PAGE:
Letters to the Editor January 2024


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As an Essex girl from a big town, the first time I saw a buzzard, gliding away from the top of a hill near Shaftesbury, I genuinely felt like I’d seen a golden eagle. That was 30 years ago, but I’ve never tired of watching them.
Some years ago, weirdly from almost the exact same spot, I saw my first ever red kite – a pair of them, in fact – and promptly fell in love.
I literally stopped in my tracks, mouth open.
The memory of that moment is so strong, triggered last week when I read Jane Adams wildlife column this month. I still remember the visceral thrill of seeing the unmistakeable forked tails, casually adjusting in the thermals, feathers flashing their rich golden red in the sunlight as they wheeled.
It’s almost the middle of January – probably too late to wish you a Happy New Year (though I do). As I write, the sun has finally come out, after so many long weeks of the worst kind of flat, grey, depressing weather. And so. much. rain!
It’s so easy in January to fall into a pit of gloom. Everything is darker, drearier … and colder.
But we mustn’t let it beat us.
We learned many years ago that we simply must make a plan for something fun, to have something to look forward to. And it is essential, this month more than any other, to pause and notice the small things that bring you a little joy in an otherwise dreary day. I have been paying attention this week – here are some of the things that have caused me a small glow of pleasure. I hope they do you, and I’d love you to share your own suggestions as well:
* The perfect strength, HOT-hot tea in the perfect mug
* Lunch consisting of ready salted McCoys crisps, between two slices of buttered bread – pressed down for the satisfying grrnnncchh, obviously.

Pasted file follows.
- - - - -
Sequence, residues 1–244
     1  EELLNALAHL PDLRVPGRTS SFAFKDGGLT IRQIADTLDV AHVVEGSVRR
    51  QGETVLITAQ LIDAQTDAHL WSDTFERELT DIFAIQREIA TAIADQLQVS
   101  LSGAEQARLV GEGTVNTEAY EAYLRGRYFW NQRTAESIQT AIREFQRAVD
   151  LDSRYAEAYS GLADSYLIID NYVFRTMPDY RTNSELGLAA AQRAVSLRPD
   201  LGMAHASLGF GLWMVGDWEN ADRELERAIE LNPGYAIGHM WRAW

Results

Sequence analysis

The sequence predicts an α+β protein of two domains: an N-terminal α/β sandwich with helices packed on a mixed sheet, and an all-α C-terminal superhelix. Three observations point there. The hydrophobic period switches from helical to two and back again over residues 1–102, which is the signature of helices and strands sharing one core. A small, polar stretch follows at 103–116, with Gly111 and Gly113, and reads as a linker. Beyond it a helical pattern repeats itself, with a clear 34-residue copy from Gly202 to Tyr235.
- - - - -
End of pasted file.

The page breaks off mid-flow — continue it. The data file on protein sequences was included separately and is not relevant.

* The piping tsurp of the gang of long tailed tits as they arrive for breakfast (and elevenses/brunch/lunch/tea/dinner/and pre-dark snack)
* Learning that the collective noun for long tailed tits is a volery
* Putting on my favourite jumper
* Finding a seven hour playlist of Disney songs on Spotify. This issue has come to you courtesy of Lion King, Moana, Tangled, Frozen, Tarzan …
* Watching a red kite from my bedroom window
* Finding my lost gloves in the pockets of the coat I haven’t worn for two years
* Ginger biscuits at the back of the cupboard (I make the same recipe every December, and I know it only uses half a packet. But I always buy two packets ‘just in case’, because at some point January always needs ginger biscuits at the back of the cupboard. I was right. Again.)

Laura x

Memories of snowy Iwerne Minster

A sprinkle of Dorset snow | POSTCARDS FROM A DORSET COLLECTION – BV Magazine December 2023

The snowy Iwerne Minster scene in Barry Cuff’s December postcards is of the house where I grew up in the 50s and 60s – my bedroom was over that very porch! (image above)
We had stables, a large garden and orchard – all of which now contain other new houses – and the house itself was turned into flats so there are numerous families where once there was just one. There were fields opposite where our ponies grazed and watercress beds to the right of the railings you can see, fed by the stream which passed under the road there – it’s hard to make out the bridge in the picture.
We moved there soon after I was born in 1949 when my parents acquired the house from Colonel Aston’s widow and it became Preston Farm House. The farm itself was on the opposite side of the road, reached from a lane further along the road, but it had no dwelling.
I loved it there and can still remember the names of our neighbours and friends in the village. We had hourly double-decker buses running between Bournemouth and Shaftesbury, a Co-op, a Post Office Shop, a butchers run by my grandfather, a bakery, a barbers shop, a garage, the Talbot pub (once run by my widowed great aunt!) and a village policeman who changed his name from PC Tit to PC Pitt to save his daughter embarrassment.
My father had a milk round and daily deliveries in Iwerne Minster were made by horse and milk float driven by an ex-carter who whistled popular tunes throughout the week and hymns on Sundays. The annual village fête was held in the classrooms and grounds of Clayesmore School where, as a youngster, I enjoyed many films and plays in their old theatre.